Place: DPG Spring Meeting 2011, Dresden, Germany
The interplay between various co-existing phases of metallic alloys is a key factor in the determination of the strength, ductile and magnetic properties of modern steels. While ab-initio density-functional theory provides an accurate description of the electronic and mechanical properties of metallic systems, the methodology is prohibitively expensive when applied to larger multi-component systems. While empirical interatomic potentials can be applied to such systems, there are significant question marks over the transferability of these models when applied to systems to which they have not been fitted. The tight-binding approach lies in an intermediate region, enabling the simulation of several thousands of atoms, while retaining the essential physics of bonding and cohesion in solids.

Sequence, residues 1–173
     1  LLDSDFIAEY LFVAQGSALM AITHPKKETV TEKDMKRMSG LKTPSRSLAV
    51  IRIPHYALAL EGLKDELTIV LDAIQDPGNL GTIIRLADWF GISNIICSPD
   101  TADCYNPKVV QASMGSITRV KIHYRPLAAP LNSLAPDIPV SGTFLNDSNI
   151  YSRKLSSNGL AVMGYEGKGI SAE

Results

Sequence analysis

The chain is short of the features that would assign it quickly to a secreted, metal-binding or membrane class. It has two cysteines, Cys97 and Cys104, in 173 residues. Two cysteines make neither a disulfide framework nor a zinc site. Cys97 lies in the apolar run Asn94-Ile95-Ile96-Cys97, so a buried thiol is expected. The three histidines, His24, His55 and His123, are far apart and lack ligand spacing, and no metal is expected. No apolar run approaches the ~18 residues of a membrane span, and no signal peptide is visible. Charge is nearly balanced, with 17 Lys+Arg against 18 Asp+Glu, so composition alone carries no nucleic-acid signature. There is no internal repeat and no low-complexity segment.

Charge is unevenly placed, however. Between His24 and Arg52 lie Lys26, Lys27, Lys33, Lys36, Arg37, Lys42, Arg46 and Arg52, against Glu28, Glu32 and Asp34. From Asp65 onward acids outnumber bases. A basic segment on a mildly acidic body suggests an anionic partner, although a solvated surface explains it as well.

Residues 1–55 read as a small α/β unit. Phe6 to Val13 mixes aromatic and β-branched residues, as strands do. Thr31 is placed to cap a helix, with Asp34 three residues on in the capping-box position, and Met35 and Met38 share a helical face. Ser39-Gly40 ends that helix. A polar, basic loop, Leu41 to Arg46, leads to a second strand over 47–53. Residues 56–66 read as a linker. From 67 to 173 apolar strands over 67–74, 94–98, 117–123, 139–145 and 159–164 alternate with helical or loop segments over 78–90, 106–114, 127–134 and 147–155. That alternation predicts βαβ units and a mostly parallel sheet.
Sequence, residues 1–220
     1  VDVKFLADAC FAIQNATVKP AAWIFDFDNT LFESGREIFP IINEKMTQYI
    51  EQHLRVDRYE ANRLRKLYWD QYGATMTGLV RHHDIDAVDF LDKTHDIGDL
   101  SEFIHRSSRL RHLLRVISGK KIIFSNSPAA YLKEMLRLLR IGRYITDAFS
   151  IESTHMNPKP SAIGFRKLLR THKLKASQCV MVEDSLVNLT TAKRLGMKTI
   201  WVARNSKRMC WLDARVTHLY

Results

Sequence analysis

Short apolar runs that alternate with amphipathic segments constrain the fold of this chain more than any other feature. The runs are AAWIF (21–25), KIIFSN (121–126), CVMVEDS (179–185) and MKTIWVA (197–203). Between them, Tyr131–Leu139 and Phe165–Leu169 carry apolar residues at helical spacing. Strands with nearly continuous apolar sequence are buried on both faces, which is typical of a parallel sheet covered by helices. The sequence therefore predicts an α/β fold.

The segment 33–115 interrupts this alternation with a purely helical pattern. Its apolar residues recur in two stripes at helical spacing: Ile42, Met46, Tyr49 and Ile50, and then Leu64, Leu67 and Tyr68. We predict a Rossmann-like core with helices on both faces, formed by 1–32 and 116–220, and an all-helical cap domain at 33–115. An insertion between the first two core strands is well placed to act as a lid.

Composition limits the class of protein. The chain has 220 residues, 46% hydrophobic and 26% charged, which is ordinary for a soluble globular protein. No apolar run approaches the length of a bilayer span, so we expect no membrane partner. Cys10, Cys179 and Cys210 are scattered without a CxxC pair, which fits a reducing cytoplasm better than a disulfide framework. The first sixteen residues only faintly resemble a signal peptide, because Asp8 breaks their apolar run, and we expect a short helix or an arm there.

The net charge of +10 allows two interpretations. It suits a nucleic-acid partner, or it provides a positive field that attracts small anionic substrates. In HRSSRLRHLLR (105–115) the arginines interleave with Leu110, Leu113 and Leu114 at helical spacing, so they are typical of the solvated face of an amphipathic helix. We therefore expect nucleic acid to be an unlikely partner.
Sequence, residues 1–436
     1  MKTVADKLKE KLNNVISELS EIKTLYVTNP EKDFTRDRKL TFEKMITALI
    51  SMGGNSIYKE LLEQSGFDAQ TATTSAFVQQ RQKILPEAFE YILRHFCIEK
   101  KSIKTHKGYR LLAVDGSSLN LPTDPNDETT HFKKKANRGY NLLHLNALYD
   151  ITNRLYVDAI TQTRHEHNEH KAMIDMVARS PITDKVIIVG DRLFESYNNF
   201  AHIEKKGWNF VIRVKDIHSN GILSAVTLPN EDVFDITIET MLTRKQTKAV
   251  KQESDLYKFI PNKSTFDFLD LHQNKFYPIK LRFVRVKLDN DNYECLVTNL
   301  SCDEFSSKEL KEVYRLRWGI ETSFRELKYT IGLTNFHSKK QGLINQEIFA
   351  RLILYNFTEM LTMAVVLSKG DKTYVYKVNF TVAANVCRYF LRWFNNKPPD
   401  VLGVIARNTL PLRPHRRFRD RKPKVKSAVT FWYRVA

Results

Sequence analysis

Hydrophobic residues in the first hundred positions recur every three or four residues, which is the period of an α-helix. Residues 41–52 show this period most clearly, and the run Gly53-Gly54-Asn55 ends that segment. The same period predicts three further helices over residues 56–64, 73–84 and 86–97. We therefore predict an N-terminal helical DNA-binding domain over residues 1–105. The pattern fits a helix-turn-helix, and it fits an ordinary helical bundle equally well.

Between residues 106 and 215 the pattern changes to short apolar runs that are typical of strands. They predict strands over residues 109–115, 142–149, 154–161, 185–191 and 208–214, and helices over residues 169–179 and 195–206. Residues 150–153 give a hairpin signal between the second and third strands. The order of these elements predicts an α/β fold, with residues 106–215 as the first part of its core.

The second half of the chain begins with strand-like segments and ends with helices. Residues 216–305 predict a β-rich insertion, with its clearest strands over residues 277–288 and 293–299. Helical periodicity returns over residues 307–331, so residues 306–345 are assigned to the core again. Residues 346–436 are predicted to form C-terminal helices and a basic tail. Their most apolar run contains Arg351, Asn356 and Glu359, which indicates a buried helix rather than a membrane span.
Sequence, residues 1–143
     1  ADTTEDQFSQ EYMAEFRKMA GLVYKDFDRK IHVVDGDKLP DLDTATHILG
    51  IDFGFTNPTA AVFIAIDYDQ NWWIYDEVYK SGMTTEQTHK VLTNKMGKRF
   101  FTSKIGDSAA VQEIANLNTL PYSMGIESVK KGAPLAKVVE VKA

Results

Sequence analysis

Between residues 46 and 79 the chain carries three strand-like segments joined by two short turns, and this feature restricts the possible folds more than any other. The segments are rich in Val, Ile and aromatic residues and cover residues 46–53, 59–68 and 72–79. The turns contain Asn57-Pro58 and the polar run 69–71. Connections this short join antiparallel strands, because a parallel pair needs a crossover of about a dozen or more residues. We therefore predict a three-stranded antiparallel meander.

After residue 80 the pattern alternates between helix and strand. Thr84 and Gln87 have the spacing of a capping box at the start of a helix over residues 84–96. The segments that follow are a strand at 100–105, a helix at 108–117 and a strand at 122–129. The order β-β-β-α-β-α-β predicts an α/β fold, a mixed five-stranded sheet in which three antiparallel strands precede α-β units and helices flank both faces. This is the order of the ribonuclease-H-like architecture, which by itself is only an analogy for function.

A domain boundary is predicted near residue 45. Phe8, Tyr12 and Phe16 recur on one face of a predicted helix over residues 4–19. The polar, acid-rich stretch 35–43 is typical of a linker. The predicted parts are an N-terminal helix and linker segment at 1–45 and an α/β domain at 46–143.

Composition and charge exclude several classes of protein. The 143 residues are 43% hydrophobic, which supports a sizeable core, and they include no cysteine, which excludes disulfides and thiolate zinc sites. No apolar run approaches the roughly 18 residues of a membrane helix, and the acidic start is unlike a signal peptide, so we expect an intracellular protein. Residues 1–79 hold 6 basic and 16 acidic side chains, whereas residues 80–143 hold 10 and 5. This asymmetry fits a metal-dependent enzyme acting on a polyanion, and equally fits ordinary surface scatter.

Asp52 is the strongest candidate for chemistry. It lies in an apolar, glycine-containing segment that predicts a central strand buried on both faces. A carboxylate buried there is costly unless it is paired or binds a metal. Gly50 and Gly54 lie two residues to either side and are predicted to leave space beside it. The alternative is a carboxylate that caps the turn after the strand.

The aim of the present work is to produce a "standard" approach which is applicable to all elements which are relevant to the steel industry, and which can be applied directly within existing scale-bridging methodologies. We have therefore developed a general tight-binding approach for the simulation of complex metallic alloys, in which the parameterisation is obtained directly from ab-initio calculations. In order to assess the quality and transferability of the approach, we have extensively applied the resulting models to a wide range of alloy structures.